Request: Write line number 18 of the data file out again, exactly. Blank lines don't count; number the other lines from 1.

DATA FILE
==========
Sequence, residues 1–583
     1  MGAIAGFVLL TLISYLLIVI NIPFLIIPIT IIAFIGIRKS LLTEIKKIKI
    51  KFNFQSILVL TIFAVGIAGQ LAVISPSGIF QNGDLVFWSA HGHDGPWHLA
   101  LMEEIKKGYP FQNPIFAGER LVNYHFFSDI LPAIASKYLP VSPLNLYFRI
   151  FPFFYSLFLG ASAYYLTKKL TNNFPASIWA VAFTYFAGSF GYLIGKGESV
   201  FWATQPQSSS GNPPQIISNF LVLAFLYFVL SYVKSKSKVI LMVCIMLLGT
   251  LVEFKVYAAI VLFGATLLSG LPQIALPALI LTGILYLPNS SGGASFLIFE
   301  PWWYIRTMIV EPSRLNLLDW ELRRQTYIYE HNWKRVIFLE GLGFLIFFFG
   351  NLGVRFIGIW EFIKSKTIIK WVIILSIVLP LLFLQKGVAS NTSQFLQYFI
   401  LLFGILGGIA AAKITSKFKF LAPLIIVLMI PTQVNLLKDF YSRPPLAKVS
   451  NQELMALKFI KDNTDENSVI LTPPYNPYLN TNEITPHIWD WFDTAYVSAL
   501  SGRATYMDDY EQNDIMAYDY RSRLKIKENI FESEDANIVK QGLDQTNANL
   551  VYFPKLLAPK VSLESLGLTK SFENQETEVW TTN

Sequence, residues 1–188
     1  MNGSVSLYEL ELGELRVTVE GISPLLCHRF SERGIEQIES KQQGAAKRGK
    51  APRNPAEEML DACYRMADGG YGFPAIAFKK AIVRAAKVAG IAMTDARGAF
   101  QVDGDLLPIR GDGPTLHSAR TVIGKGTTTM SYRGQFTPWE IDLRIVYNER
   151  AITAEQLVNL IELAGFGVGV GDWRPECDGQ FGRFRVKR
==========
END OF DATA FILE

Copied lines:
   151  AITAEQLVNL IELAGFGVGV GDWRPECDGQ FGRFRVKR